Ahmed of the Henna Souk


Ahmed sells henna, rassoul , dried rosebuds, kohl, natural tooth whiteners, and other beauty products in the henna souk of the Fes Medina. The henna souk is in a courtyard and the stalls are around the edges. In the center is an ancient tree. The stall next to Ahmed on one side belongs to Mohamed Couscous and the stall on the other side is habous, public property held in trust. The story is that when a vender was wealthy and didn’t need to sell henna any more, he deeded his stall to the habous, to be held in trust so that anyone could use the large scale there. They aren’t sure but they think it has been that way for at least two hundred years.

In 1286 there was a psychiatric hospital there and Leo Africanus worked there for a time. The hospital was also habous and existed until 1944. Is there a connection between beauty and madness? Perhaps between a rest cure for insanity and a spa?

Ahmed has a large burlap bag of dried henna leaves for sale. Of course you know henna has a religious aspect, he tells me. The palm tree and the henna plant grow in paradise. He is forty-nine and has been running the business for the past twelve years. Before that he studied English literature at a university here in Fes. But he did not pass the exams to become a teacher. He is married and has two little girls.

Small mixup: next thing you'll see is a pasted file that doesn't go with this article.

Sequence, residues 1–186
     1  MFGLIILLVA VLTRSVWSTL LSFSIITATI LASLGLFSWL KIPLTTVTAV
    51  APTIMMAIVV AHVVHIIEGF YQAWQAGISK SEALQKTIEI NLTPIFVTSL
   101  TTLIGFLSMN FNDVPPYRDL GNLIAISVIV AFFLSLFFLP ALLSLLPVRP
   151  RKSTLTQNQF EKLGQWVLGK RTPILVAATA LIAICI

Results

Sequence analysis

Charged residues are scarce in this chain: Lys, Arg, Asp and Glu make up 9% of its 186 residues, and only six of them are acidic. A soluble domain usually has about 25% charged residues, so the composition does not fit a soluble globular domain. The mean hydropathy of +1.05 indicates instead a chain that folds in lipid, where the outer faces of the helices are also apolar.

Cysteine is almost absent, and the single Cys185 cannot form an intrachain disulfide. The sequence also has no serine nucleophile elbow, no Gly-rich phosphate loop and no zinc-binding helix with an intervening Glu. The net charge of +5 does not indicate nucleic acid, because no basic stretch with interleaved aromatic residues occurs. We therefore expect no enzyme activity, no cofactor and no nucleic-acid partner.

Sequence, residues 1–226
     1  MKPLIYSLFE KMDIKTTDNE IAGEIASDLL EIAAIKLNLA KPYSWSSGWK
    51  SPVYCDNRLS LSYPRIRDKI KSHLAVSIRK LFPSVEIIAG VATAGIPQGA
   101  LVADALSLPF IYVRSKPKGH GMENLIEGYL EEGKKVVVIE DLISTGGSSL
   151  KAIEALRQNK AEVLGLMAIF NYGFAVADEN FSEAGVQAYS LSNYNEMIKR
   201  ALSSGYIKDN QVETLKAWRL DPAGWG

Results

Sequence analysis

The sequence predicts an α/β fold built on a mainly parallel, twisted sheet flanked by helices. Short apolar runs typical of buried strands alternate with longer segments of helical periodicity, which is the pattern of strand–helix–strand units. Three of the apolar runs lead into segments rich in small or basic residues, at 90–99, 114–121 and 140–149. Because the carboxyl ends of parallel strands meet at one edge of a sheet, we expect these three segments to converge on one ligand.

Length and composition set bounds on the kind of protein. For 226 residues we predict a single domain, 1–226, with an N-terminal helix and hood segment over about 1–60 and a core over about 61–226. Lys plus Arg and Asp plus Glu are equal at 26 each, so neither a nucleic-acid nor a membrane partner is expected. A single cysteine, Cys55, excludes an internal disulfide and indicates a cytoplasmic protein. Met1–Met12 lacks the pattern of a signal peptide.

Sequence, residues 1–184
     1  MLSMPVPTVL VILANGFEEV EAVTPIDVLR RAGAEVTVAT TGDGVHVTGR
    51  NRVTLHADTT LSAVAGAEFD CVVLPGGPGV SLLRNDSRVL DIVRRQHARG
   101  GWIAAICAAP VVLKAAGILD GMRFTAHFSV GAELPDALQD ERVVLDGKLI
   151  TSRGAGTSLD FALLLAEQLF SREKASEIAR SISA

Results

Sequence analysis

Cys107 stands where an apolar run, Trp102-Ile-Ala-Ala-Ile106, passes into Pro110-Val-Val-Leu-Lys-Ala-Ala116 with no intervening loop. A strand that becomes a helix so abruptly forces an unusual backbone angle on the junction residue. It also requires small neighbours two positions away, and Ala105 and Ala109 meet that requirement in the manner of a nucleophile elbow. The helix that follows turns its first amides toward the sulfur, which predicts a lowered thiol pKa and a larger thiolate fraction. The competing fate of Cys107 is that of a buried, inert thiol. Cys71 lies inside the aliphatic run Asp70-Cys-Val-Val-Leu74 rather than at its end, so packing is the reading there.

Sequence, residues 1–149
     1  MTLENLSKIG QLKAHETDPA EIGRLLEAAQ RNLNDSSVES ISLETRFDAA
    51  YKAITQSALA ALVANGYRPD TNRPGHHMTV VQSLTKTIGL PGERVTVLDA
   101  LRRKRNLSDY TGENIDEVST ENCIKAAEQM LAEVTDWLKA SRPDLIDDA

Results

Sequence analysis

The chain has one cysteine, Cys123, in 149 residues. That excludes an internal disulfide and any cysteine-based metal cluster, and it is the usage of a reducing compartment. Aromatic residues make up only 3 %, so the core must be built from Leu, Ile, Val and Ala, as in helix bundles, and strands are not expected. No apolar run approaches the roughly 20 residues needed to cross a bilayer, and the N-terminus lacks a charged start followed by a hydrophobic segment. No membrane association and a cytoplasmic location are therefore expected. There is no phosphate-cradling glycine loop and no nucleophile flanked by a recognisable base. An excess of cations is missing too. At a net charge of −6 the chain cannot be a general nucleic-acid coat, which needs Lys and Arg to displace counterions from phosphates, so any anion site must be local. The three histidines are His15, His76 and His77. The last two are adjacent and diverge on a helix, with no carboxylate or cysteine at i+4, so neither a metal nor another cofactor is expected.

Ten years ago, business was good. But now, with television advertisements, some women buy synthetic beauty products. The merchants don’t sell as much henna. And the women who live in Ville Nouvelle, the new city, don’t come to the souk to buy their henna as often as they used to. Now they buy it in plastic packages from someone on their own corner. As for the women who have given up the natural for the synthetic, Ahmed says it’s no wonder they lose their hair. They wouldn’t have a problem if they would stick to the old natural formulas.

Have you noticed that some of the stalls sell pottery instead of henna? Ahmed asks me. It’s what the tourists are buying, although there aren’t as many of them since the economy everywhere is bad. Before I leave, Ahmed gives me some natural lipstick to try and I go on my way with bright red lips.


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